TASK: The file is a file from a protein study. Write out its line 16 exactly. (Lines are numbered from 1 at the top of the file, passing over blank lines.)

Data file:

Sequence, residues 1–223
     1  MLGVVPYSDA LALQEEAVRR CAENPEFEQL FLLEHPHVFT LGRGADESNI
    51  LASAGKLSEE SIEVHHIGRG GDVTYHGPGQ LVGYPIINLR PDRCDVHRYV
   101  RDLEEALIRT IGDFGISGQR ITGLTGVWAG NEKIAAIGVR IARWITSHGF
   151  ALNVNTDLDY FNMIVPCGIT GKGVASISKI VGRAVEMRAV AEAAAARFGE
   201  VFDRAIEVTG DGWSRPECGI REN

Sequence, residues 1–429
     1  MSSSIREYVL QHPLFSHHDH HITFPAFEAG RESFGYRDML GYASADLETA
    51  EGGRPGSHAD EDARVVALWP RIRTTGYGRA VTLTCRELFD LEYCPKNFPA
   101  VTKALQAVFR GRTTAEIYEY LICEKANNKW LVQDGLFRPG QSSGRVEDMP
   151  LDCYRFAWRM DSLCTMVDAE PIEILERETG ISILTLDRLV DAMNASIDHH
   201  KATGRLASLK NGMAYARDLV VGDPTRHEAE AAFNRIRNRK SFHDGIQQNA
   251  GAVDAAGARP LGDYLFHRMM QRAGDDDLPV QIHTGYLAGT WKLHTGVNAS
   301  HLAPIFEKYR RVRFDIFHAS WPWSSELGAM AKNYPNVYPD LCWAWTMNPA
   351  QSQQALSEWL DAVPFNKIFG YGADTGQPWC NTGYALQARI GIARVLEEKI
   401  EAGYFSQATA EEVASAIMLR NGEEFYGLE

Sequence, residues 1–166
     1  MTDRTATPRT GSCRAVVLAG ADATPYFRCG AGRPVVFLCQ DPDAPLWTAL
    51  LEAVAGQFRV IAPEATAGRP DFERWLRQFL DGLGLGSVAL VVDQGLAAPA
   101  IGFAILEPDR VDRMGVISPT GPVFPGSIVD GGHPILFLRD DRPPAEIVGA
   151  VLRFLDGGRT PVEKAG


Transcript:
   401  EAGYFSQATA EEVASAIMLR NGEEFYGLE